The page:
• Daily Patient Volume – Patient volume is an obvious critical metric.  UCCs can experience dramatic seasonal variation in patient volumes (e.g. heavy flu season but slow summers).  In addition to variation throughout the year, patient traffic surge variation can exist during any given week or within any given day.  Operators need to have a good handle on patient traffic variation so that the facility is appropriately staffed at all times. 
  • Reimbursement – Typically, the payor mix of a UCC is heavily weighted towards commercial or managed care payors due to a UCC’s preferred target: middle-class demographics.  Government payors (e.g. Medicare, Medicaid, TRICARE) typically have low representation.  UCCs are typically reimbursed by commercial payors on a standard rate per visit basis (also known as a “case rate”) or through negotiated menu prices. Under the case rate structure, a UCC will receive one payment without consideration of the patient’s diagnosis or ancillary needs (e.g., x-ray, injection or patch).  Under menu pricing, the UCC may bill the payor separately for each service (e.g. patient evaluation, injection or x-ray).  Operators may have more or less leverage with commercial payors in negotiating rates depending upon the market. Payor mix shifts and reimbursement rates are closely monitored by UCC operators.
  • Average Operating Expense Per Visit – Generally, more expenses in a UCC are fixed (i.e. rent expense) rather than variable.  Even staffing costs have a fixed component to be operational during all hours. For example, operators may find difficulty in hiring part-time staff to fill peak hours or seasons and need to bear the full-time costs of personnel to have capacity when high traffic loads occur.  Most UCCs can break even when their average daily census approaches 20-25 patients per day.20  To the extent average operating expenses per patient are higher than the average reimbursement per patient, the UCC will not be profitable.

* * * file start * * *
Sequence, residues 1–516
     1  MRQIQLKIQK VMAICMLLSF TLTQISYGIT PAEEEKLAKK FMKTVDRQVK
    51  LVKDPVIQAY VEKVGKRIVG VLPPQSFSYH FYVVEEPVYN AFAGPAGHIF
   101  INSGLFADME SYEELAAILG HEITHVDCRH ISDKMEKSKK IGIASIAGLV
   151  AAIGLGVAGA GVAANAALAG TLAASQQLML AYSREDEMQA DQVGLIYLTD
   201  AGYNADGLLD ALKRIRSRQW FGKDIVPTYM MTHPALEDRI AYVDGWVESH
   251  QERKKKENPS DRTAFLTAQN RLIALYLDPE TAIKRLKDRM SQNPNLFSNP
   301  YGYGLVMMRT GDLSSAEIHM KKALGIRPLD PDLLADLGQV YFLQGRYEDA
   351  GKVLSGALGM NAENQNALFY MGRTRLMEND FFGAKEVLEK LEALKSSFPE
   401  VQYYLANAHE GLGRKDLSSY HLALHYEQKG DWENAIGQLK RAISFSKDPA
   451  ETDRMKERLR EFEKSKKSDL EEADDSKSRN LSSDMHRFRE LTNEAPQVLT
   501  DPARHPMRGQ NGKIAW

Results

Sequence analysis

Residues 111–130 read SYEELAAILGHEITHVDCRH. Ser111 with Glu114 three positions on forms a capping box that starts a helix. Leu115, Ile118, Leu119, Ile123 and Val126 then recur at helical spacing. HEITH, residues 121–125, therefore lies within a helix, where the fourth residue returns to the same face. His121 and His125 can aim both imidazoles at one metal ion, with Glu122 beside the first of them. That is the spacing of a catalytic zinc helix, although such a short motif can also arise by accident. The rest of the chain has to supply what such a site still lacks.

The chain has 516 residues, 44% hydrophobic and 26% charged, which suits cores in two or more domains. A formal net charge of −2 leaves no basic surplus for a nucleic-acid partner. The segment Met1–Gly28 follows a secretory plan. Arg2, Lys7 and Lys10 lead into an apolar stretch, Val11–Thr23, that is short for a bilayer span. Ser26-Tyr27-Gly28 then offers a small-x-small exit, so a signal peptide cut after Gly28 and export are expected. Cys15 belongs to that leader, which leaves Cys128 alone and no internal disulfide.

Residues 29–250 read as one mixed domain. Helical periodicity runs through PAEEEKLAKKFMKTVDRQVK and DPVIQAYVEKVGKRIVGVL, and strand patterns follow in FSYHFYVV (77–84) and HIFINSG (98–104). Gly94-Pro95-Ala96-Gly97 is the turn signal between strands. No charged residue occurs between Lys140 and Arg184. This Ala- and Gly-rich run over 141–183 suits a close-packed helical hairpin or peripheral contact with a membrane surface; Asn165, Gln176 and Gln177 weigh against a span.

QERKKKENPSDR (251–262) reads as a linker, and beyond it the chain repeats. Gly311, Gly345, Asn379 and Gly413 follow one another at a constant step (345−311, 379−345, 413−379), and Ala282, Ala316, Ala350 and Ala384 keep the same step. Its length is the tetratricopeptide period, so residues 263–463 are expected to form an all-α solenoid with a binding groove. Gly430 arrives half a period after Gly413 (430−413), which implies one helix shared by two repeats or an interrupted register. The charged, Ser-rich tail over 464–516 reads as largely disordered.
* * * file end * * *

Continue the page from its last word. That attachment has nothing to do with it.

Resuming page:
Transaction Considerations

Helping a client through a buy/sale of a UCC can bring its own unique challenges.  The list below are areas often the focus of discussion:

  • Real Estate – In some circumstances, the target UCC operates through an owner-occupied facility.  In this instance, the legal professional should work with his or her client to determine whether the buyer will lease space post-transaction (at an agreed upon rate, often at FMV) or the real estate will be included in the total sale.  To the extent the buyer will be a tenant to the seller post-transaction, the post-transaction rent payment should be incorporated into the valuation of the UCC operations.
  • Post-Transaction Compensation – Since the UCC is often owner-operated, differentiating UCC profits available for a buyer versus owner compensation is an important discussion.  According to the UCAOA, the average compensation for a physician and mid-level is $110 and $55 per hour, respectively.21  Prior to any transaction, the buyer and seller should discuss any post-transaction employment agreements and compensation rates.  Also, one should expect this post-transaction compensation rate to impact the valuation.